Danish foreign minister rules out action on alleged Turkish surveillance

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Danish foreign minister rules out action on alleged Turkish surveillance
Foreign Minister Anders Samuelsen. Photo: Ólafur Steinar Gestsson/Scanpix

Conflicting information from the Turkish embassy represents a lack of cause for tougher measures on alleged Turkish surveillance of individuals within Denmark's borders, says Foreign Minister Anders Samuelsen.


Turkey denies having carried out surveillance on individuals in Denmark critical of the Ankara government, says Samuelsen.

The foreign minister said at a parliamentary consultation on Thursday that he did not see any cause for more decisive action to get to the bottom of of the alleged Turkish surveillance, reports news agency Ritzau.

The minister attended a meeting at the Turkish embassy in Copenhagen earlier on Thursday, in which Ankara representatives denied having carried out systematic surveillance of Turkish people in Denmark.

In April this year, a former advisor at the Turkish embassy in Copenhagen did, in fact, claim that it had collected information on suspected supporters of a Turkish anti-government religious and social movement based in Denmark.

Four men and fourteen schools in Denmark were reported as being connected to the Gülen movement in a document sent to Turkey last autumn, claimed Adnan Bülent Baloglu in an interview with the Kristeligt Dagblad newspaper.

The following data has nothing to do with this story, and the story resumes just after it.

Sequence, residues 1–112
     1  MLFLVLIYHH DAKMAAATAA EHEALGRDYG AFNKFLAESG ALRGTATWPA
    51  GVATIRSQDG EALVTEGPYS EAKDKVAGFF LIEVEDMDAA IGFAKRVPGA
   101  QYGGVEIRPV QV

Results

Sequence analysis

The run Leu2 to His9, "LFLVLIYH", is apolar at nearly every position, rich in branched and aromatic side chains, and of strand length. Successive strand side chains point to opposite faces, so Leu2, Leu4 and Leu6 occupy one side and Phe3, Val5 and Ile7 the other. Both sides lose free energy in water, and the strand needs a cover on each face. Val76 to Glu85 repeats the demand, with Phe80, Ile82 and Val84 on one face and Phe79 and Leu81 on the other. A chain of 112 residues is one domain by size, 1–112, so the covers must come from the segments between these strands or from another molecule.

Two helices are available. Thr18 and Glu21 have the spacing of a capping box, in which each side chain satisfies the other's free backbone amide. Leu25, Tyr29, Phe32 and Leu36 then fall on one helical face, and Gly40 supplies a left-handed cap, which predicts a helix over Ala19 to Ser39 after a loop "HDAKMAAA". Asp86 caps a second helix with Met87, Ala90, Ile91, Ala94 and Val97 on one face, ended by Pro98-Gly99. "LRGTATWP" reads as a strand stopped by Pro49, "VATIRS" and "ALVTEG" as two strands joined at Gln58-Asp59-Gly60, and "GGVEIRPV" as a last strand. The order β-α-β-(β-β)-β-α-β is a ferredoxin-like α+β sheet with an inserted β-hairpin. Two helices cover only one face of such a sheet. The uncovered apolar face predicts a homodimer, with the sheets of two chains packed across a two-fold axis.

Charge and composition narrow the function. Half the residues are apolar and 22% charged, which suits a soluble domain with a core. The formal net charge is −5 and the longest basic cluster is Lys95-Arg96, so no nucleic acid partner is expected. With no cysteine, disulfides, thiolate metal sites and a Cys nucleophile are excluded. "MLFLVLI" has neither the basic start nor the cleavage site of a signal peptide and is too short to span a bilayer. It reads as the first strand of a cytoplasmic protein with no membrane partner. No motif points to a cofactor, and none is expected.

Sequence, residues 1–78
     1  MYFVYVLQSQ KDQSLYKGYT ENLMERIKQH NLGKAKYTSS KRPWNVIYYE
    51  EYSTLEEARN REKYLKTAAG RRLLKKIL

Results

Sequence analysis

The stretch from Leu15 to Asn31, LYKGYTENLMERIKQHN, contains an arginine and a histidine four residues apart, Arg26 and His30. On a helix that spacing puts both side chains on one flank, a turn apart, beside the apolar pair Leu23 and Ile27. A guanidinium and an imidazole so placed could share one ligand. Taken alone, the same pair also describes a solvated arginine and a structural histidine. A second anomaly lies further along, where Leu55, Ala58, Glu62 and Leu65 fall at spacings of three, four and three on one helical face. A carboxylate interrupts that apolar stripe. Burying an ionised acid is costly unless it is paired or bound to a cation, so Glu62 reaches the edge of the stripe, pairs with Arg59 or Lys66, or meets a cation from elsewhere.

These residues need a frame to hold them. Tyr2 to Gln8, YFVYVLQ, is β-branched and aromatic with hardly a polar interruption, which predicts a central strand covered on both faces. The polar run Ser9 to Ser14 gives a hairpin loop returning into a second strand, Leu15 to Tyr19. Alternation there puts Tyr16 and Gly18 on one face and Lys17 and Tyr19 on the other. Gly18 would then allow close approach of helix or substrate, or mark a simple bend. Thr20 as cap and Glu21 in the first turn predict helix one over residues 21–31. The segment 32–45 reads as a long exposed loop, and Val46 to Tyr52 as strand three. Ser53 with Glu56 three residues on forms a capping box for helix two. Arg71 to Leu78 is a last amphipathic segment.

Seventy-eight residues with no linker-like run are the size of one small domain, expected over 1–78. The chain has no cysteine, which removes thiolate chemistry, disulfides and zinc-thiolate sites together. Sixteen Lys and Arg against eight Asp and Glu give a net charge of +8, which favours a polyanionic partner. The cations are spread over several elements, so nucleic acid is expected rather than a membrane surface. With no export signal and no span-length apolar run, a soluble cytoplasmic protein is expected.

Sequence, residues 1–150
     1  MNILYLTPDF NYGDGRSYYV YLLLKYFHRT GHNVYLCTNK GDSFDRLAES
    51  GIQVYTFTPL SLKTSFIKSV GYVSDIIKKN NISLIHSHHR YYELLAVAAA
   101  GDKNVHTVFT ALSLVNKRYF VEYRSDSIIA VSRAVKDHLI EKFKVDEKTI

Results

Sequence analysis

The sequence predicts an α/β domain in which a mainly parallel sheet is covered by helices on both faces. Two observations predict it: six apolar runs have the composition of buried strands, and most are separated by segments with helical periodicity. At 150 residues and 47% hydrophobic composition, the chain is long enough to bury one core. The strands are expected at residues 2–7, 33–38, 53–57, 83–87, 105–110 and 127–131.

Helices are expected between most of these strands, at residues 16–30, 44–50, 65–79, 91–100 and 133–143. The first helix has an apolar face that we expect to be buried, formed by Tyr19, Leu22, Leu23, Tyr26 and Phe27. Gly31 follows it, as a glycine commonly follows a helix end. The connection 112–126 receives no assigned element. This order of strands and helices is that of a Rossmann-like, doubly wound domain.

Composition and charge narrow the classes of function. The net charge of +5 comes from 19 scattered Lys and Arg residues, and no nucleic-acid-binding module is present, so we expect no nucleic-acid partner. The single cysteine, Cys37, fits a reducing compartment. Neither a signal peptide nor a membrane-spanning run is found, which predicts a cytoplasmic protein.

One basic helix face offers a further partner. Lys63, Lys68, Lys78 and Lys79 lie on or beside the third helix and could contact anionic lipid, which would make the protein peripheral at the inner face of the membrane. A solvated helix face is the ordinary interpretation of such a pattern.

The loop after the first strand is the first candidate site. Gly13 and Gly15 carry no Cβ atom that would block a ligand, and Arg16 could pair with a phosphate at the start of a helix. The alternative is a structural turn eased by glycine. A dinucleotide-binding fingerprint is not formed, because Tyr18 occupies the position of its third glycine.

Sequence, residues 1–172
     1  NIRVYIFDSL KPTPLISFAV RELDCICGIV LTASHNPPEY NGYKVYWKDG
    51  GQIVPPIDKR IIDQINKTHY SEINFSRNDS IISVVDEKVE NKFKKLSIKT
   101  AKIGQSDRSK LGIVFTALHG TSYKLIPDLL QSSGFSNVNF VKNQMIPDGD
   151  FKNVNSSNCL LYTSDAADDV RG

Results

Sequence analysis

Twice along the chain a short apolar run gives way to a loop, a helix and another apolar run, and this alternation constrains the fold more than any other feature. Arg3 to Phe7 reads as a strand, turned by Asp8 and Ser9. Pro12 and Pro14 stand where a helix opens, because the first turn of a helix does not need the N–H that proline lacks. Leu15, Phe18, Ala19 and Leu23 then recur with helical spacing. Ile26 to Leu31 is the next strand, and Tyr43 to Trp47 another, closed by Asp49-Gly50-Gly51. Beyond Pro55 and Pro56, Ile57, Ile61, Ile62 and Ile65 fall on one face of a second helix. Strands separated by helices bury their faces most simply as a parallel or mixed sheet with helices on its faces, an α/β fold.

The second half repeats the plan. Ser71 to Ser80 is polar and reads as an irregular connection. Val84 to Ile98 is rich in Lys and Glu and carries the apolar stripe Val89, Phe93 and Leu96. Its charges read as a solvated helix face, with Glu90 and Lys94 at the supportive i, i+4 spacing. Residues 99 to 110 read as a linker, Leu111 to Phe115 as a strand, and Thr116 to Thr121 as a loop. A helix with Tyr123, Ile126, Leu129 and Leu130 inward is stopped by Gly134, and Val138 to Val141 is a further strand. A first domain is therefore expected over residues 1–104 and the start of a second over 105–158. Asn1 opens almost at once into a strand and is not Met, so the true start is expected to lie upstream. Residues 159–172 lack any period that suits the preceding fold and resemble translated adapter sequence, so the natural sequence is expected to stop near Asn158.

“Turkey has distanced itself from his remarks, and thereby does not confirm what he said,” Samuelsen said to news agency Ritzau.

READ ALSO: Denmark summons Turkish envoy over informant fears

The foreign minister was called to the consultation by his opposite number in the Social Democrat party, foreign policy spokesperson Nick Hækkerup.

Hækkerup’s party called for the government to intervene on the issue when Baloglu’s claims surfaced in April.

Hækkerup called again following Thursday’s consultation for Samuelsen to do more over the issue.

“He can say that this is an issue that is so serious that he will again take it to the Turkish foreign minister. He can also say that he will bring it up with EU colleagues, since this is something that is also happening in other countries. Finally, he can also say that he wants a weekly follow-up from his system so that he can follow the issue closely over the summer,” Hækkerup told newspaper Politiken.

The Danish foreign ministry informed Ankara in a meeting today that Denmark would not accept illegal surveillance on its territory, according to the newspaper.

But Samuelsen said that his position as foreign minister enabled him only to put diplomatic pressure on Ankara - not to investigate what actually took place.

"I am not a police agency," said Samuelsen according to Politiken.

The foreign minister encouraged citizens to report any suspicious incidents to police, according to the newspaper.

Baloglu, who worked as a religious adviser at the Turkish embassy in Copenhagen, was sent back to Turkey shortly after giving his interview to Kristeligt Dagblad, according to Ritzau.


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